While each asset is a little different, there are three main kinds of changes that have to take place depending on the type of asset. If your revocable living trust was drafted properly and an “assignment of personal assets” or similar form has been used, then all of your personal assets like clothing, furniture and appliances are already in the trust. This even covers things like the food in the refrigerator and the change between the seat cushions. What we need to be concerned with are items such as real estate and timeshares, investment and retirement accounts, bank accounts and other assets that have some sort of title to them.

The first kind of change is re-titling an asset in the name of the revocable living trust. In short, you and your spouse/partner are changing these assets so technically you no longer own the asset but your joint trust does. But don’t worry. You still control everything in the trust and can still do everything you normally would do as if it were property owned by both of you. The second kind of change is making the trust the primary beneficiary in case you pass on. You still remain the owner on the account, but now when you pass on it can go directly into the trust without having to go through probate to get there. The third change is to make a person the primary beneficiary and the trust becomes the contingent beneficiary. In this instance you keep control of the account, but if you pass it goes to another person, namely your spouse/partner, and not the trust. If the other person passes on before you do, then it would go to the trust to be distributed. The most important thing is that all of these possible transfers happen without probate.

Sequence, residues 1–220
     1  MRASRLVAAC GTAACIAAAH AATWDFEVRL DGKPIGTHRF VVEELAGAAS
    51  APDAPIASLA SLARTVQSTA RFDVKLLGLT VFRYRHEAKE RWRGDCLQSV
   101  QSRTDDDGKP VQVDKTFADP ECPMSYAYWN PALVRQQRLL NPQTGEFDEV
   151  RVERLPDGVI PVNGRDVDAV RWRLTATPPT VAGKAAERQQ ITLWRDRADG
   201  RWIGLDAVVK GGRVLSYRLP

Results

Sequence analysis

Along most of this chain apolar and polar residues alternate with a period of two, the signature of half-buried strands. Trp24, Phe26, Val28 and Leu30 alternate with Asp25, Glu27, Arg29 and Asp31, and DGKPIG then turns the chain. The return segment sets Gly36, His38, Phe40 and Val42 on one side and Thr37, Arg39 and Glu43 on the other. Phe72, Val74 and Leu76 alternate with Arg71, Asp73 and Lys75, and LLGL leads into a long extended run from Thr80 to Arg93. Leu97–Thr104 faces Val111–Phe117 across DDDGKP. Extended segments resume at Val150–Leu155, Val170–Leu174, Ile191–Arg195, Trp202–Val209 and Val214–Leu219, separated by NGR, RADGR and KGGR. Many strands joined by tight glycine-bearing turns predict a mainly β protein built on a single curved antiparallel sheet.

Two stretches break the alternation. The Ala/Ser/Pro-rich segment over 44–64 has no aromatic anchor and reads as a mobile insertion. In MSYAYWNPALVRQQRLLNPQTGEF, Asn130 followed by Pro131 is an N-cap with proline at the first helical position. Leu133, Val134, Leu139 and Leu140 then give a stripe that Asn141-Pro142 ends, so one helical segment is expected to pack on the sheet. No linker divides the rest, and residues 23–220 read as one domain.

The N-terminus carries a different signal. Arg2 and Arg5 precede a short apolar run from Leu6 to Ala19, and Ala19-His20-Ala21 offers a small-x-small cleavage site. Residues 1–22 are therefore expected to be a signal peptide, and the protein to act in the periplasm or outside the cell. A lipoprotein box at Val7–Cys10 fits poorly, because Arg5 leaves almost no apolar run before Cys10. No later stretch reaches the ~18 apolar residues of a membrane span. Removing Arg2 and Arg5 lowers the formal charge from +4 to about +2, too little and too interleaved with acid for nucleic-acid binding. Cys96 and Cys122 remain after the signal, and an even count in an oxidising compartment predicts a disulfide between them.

While there may be different permutations and exceptions, these are the three main kinds of changes that need to be done. We will now go through some specifics on these changes one at a time, discuss which assets require a specific method, and then go into some exceptions, future steps and maintenance. But first, here are a few basics regardless of what kind of change is made.

The Basics

Always use the legal trust name and the legal names of people. The name of the trust is typically found in the first few pages of the revocable living trust. We also prepare a report for our clients called “Property Title and Beneficiary Changes & Designations” and list the proper name of the trust on the first page. This typically reads something like “The Revocable Living Trust of Jessica Tate and Mary Campbell.” For a person’s name, if their name is John Wilkes Booth or Lee Harvey Oswald, you should not refer to them as Wilkee Booth or Ossie Oswald, even though that is how people generally know them. Always use the full proper name.

One benefit of working with an attorney who works closely with financial advisors is that the advisor will typically outline and assist with a lot of these changes for clients using the exact names and information, and will also work with an attorney for any legal documents needed to make these changes, such as drafting deeds.

Second, always look at what kind of asset or account you are handling and ask “have I paid income taxes on this yet?” This is actually a big consideration. Any account that is “tax-qualified,” meaning it is for retirement and you were able to put that money away without paying income taxes on it, should never be transferred directly into the name of the trust. If you do, then IRS regulations may treat that as if you had taken all of the money out in one year, and you are subject to taxes and possibly penalties. If you are in doubt, contact your attorney or tax professional before making any such change.

Finally, start with a list of all of your accounts and assets that have some kind of title to them and make sure you go through the list until all of the changes are completed.


Re-titling assets in the name of the trust